Earth ChangesS

Evil Rays

Over 200 inches of snow greets Alyeska skiers and riders

Yes you read that right - over 200 inches - 16.7 feet! - of snow. And 117 inches of the total came in the last week at Alyeska Resort, about 40 miles south of Anchorage, Alaska.

Alyeska opened for business on November 26 and according to a press release, with "epic conditions that rival the best opening day on record."

Better Earth

Super-Ant Taking Over Europe

An ant species that originated in the Black Sea region has invaded more than 100 areas across Europe and is moving north. Scientists say if it is not stopped, it will reach northern Germany, Scandinavia and Britain and could invade the whole world.
Live Science Ants
© Credit: Centre for Social Evolution (CSE) at the University of CopenhagenRed dots show where Lasius neglectus has been found.

Bizarro Earth

Magnitude 6.2 - Near East Coast of Honshu, Japan

Date-Time Wednesday, December 03, 2008 at 23:16:58 UTC

Thursday, December 04, 2008 at 08:16:58 AM at epicenter

Location 38.566°N, 142.762°E

Depth 35 km (21.7 miles) set by location program

Distances 170 km (105 miles) ENE of Sendai, Honshu, Japan

190 km (120 miles) SE of Morioka, Honshu, Japan

220 km (140 miles) ENE of Fukushima, Honshu, Japan

420 km (260 miles) NE of TOKYO, Japan


Germany: Snow and ice cause traffic chaos

Heavy snow and black ice caused traffic chaos across Germany on Wednesday morning, meanwhile more winter weather was expected throughout the day.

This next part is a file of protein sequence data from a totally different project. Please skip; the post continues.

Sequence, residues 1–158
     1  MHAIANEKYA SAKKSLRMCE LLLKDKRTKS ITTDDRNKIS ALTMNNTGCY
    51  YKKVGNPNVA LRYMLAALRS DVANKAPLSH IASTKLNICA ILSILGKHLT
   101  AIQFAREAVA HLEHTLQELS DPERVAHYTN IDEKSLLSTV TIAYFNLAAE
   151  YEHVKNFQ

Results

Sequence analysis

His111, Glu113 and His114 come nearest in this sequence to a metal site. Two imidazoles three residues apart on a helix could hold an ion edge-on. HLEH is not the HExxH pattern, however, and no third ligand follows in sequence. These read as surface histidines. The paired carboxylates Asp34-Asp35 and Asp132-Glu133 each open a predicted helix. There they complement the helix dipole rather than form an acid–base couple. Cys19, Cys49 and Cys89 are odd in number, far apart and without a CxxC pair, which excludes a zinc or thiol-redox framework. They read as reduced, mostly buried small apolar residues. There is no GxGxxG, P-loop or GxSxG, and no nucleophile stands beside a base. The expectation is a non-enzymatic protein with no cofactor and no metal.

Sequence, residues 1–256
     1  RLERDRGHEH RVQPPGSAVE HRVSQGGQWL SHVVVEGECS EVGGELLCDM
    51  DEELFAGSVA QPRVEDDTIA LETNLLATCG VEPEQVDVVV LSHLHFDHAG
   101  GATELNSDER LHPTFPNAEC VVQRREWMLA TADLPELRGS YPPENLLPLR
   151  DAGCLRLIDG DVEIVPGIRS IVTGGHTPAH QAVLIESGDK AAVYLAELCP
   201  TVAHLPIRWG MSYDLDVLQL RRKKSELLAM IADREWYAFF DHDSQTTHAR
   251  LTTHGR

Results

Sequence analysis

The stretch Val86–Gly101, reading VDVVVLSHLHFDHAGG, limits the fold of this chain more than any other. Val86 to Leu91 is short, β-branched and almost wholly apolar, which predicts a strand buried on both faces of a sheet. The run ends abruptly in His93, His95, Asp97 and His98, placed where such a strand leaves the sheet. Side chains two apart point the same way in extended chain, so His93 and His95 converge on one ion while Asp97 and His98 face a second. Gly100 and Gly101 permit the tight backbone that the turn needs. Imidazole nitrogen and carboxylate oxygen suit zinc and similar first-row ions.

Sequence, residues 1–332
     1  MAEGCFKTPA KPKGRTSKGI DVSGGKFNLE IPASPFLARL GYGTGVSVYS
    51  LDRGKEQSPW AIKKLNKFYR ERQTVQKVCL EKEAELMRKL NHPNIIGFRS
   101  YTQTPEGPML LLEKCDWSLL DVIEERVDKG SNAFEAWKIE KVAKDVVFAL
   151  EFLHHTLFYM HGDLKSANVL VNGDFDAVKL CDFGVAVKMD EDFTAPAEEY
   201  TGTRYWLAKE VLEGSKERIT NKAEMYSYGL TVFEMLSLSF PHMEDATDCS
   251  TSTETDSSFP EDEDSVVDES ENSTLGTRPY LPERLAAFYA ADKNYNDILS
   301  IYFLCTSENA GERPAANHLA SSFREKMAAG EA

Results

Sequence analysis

Snow storms in the lower mountain range of the Rhineland region, the state of North Rhine-Westphalia and the Taunus region in the state of Hesse brought traffic to a standstill during the morning commute. The sanitary department had been out in full force ploughing snow and salting streets, police said, adding that they still expected delays in heavy traffic areas.

Bizarro Earth

Megathrust earthquake could hit Asia 'at any time'

A devastating "megathrust" earthquake could occur at any time off the Indonesian island of Sumatra, according to new research. Previous quakes have failed to release all of the energy that has built up over hundreds of years, leaving the fault zone vulnerable to another large earthquake.

Using GPS, field measurements, radar data and seismological records, a team of international researchers investigated the parameters and reconstructed the events of two massive earthquakes, measuring 8.4 and 7.9 on the Richter scale, which occurred in the Mentawai area in 2007.

Previous models of how earthquakes work had suggested that the same fault would rupture in the same way and at regular, predictable time intervals. But the researchers found that the 2007 quakes ruptured only a fraction of the area affected by the giant 1833 earthquake, indicating that a tectonic plate boundary can rupture in different patterns depending on local differences in stress.


UK: White Christmas betting goes into 'overdrive' as temperatures plummet

As forecasters predict more snow, bookmakers are slashing their odds, fearing a white Christmas could cost them up to £1m

The increasing prospect of a white Christmas forced bookmakers to slash their odds today after interest in the customary festive bet went into "overdrive".

The icy weather, which has already brought chaos to many parts of the country, is set to extend with forecasters predicting more snowfall.
Horses in the early morning snow on Holcombe Hill
© Christopher ThomondHorses in the early morning snow on Holcombe Hill on the border between Greater Manchester and Lancashire.

Laura Gilchrist, forecaster at MeteoGroup, said: "Tonight a warm front of air from the west will hit a colder front, creating snow. By the early hours of tomorrow morning most parts of the country will be seeing either rain or snow."


On the trail of Tahiti's elusive vanilla orchid